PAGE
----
Symptoms of an epidemic: measuring the flu season

Chances are, if you live in North America, you know someone who has been sick with the flu recently. The spread of influenza is a seasonal concern for healthcare workers in the United States. Although many people contract and spread influenza throughout the year, flu season typically begins in late November or early December and spikes early in the following year. A year ago, in January 2014, nearly ten percent of all deaths in the U.S. were flu- or pneumonia- related. Several signs indicate that this current flu season may be even more severe than the last, due in part to a less-effective vaccine. (Note that it’s still important to get vaccinated for the flu every year!)

The Centers for Disease Control leads national influenza surveillance that tracks multiple aspects of the spread of the flu each season, including the strain of the flu and how it affects the population. This surveillance helps healthcare workers track the severity of the flu and respond accordingly. The two measures we have on PolicyMap are visits to health centers for flu-like illness (flu activity) and the geographic spread of the disease – whether epidemiologists consider it to be sporadic, locally concentrated, regional, or widespread.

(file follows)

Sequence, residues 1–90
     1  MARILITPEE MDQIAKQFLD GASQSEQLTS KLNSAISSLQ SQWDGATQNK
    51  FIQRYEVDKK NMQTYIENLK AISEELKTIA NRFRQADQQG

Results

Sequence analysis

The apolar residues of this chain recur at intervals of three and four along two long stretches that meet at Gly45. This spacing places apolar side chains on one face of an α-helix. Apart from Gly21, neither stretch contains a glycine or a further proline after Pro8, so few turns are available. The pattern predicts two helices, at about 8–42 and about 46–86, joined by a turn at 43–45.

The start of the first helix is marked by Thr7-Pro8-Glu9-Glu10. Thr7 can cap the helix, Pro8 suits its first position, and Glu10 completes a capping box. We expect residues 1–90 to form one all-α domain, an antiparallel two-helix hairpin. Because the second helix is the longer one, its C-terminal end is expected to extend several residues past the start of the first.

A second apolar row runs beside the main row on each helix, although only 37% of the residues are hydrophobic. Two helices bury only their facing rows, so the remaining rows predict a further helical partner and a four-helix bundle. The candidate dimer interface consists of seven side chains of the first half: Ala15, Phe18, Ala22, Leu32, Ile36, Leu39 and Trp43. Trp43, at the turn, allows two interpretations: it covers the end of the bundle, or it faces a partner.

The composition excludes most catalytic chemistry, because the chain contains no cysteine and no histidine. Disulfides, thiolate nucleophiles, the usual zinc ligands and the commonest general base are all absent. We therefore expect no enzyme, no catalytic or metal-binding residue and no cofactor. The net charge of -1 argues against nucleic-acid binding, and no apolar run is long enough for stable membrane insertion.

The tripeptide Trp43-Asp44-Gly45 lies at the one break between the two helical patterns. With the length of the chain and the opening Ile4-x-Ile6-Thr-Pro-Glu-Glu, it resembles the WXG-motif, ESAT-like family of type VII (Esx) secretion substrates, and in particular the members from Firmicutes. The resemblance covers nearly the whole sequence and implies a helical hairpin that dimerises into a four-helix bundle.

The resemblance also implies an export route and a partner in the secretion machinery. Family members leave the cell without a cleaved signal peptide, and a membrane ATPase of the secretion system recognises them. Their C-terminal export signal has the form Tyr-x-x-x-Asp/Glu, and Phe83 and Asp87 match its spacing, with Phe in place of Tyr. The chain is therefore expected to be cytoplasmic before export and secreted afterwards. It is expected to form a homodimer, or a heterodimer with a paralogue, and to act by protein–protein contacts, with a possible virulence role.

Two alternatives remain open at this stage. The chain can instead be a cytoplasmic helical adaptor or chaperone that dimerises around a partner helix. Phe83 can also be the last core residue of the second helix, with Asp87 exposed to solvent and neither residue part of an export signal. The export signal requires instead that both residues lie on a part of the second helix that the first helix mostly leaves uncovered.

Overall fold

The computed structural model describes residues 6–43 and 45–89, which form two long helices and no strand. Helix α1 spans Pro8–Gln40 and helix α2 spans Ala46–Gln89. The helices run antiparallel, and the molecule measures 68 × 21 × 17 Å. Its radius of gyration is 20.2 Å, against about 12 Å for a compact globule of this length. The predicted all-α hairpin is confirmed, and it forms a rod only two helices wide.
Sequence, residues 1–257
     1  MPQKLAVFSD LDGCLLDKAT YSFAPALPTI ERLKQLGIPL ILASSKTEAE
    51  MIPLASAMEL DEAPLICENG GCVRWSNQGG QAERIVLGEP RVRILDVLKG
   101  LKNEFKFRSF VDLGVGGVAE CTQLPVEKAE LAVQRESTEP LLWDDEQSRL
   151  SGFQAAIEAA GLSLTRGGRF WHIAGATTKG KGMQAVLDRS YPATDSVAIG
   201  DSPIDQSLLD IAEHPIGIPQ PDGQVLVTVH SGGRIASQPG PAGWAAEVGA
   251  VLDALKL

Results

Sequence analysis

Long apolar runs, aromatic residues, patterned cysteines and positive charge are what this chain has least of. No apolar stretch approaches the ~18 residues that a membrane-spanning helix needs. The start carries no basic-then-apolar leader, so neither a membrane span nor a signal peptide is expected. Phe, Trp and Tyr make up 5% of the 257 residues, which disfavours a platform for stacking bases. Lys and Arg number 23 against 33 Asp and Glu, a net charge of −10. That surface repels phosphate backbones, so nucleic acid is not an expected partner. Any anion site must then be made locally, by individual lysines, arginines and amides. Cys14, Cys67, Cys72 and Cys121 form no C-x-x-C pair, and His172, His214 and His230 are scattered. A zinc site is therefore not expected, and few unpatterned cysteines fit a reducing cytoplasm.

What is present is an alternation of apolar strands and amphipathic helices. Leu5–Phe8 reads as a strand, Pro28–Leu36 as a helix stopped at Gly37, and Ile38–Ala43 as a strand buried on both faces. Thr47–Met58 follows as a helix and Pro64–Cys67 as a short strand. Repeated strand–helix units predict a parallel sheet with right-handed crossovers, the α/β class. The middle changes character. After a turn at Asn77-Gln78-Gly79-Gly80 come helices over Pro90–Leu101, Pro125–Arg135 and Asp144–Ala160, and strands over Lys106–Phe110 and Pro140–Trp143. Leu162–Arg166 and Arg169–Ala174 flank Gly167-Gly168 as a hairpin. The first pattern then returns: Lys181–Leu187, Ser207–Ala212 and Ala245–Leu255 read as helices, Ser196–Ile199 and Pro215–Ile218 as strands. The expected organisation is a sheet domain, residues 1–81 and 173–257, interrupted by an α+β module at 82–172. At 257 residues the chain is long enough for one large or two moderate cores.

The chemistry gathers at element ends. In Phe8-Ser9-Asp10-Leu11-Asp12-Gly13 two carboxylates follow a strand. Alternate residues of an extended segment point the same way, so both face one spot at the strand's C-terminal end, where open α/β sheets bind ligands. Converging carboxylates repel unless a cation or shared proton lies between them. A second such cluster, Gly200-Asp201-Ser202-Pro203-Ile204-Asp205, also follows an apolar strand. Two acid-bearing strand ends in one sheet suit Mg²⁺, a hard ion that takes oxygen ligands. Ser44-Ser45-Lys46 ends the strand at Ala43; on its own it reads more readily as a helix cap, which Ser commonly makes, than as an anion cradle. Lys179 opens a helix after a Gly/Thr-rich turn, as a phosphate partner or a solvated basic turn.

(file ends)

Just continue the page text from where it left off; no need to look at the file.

Here is how flu activity changed from October 2014 to December 2014:
Flu Activity

The dramatic increase in flu activity is nothing new for this time of year, but it’s important for those interested in public health to know where clusters of activities are located. Both these measures are reported to CDC and updated in the FluView website on a weekly basis, though for simplicity, we aggregate them to both month and season. We’ve updated the data as of December and will add another update before the end of the flu season. Check out more of our influenza data in the Health menu!